Premature infants without chronic lung disease who received palivizumab (Synagis) had a 49% reduction in the incidence of recurrent wheezing according to a 2-year study published in Journal of Pediatrics.

Wheezing is a whistling sound made by air passing through airways narrowed by inflammation or muscle spasms. Palivizumab is a biologic therapy known as a monoclonal antibody administered monthly to premature infants to prevent serious lower respiratory tract infection caused by respiratory syncytial virus (RSV), a leading cause of viral respiratory infection among infants.

‘With this new study we see that, by preventing the most serious forms of RSV infections from progressing to its most serious form, palivizumab may help protect premature children without chronic lung disease from recurrent wheezing in the first few years of life,’ said Eric Simoes, MD, professor, Department of Pediatric Infectious Diseases, University of Colorado School of Medicine, and lead investigator in the study.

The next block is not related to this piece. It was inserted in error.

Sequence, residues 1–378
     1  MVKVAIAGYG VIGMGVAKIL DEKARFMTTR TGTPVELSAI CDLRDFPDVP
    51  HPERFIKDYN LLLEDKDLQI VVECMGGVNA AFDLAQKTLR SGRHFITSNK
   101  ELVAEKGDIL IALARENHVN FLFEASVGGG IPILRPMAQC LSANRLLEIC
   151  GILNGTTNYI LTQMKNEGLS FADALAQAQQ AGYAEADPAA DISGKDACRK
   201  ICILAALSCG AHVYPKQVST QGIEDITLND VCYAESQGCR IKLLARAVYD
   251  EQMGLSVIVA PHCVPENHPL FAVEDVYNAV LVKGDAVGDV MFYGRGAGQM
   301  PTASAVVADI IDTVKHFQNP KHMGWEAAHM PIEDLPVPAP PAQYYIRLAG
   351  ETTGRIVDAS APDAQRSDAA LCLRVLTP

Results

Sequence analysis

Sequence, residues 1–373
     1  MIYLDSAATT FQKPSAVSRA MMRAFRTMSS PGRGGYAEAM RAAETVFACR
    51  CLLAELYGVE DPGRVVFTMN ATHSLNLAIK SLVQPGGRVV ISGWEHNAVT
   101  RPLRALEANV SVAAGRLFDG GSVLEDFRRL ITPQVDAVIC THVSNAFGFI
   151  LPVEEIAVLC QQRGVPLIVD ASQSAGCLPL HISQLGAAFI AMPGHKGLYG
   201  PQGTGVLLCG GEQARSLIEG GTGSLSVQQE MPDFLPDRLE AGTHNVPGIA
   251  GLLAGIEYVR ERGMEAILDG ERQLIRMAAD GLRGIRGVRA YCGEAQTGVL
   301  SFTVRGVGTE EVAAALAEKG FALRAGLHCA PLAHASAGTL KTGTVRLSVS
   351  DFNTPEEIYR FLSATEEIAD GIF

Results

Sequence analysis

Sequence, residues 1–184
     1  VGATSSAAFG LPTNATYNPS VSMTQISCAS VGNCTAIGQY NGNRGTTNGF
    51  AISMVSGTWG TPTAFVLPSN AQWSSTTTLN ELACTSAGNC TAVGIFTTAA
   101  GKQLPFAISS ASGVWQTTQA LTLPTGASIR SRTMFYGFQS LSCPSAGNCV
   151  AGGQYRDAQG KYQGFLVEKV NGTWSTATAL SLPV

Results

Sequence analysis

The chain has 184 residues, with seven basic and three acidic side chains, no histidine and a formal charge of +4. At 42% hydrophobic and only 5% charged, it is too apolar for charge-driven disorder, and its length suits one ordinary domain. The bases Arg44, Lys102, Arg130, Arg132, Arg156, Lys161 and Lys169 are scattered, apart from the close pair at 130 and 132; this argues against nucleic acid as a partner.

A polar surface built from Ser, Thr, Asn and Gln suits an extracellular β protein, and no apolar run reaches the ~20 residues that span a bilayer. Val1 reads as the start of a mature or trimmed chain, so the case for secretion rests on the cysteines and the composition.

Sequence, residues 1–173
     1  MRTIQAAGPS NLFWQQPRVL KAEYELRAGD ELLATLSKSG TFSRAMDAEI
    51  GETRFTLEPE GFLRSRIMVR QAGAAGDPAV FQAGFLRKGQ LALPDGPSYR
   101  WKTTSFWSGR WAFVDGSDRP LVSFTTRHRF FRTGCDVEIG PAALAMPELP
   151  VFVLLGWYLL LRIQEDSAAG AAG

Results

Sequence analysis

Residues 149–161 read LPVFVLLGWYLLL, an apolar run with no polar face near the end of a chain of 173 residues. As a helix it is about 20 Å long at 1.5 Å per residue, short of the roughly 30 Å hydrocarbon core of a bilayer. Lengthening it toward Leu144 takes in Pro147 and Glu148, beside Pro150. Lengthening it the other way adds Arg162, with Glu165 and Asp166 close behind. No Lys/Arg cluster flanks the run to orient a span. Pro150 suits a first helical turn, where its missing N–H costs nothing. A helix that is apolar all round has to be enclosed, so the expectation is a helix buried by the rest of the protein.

RSV infection usually manifests as an upper respiratory tract infection with symptoms resembling a cold. In preterm infants, however, the infection has an increased risk of progressing to a lower respiratory tract infection that sometimes requires hospitalization, mechanical ventilation, and intensive care.

In addition, infants who received Synagis had a significantly longer time to onset of both recurrent wheezing and physician-diagnosed recurrent wheezing, compared with the combined nonprophylaxed group.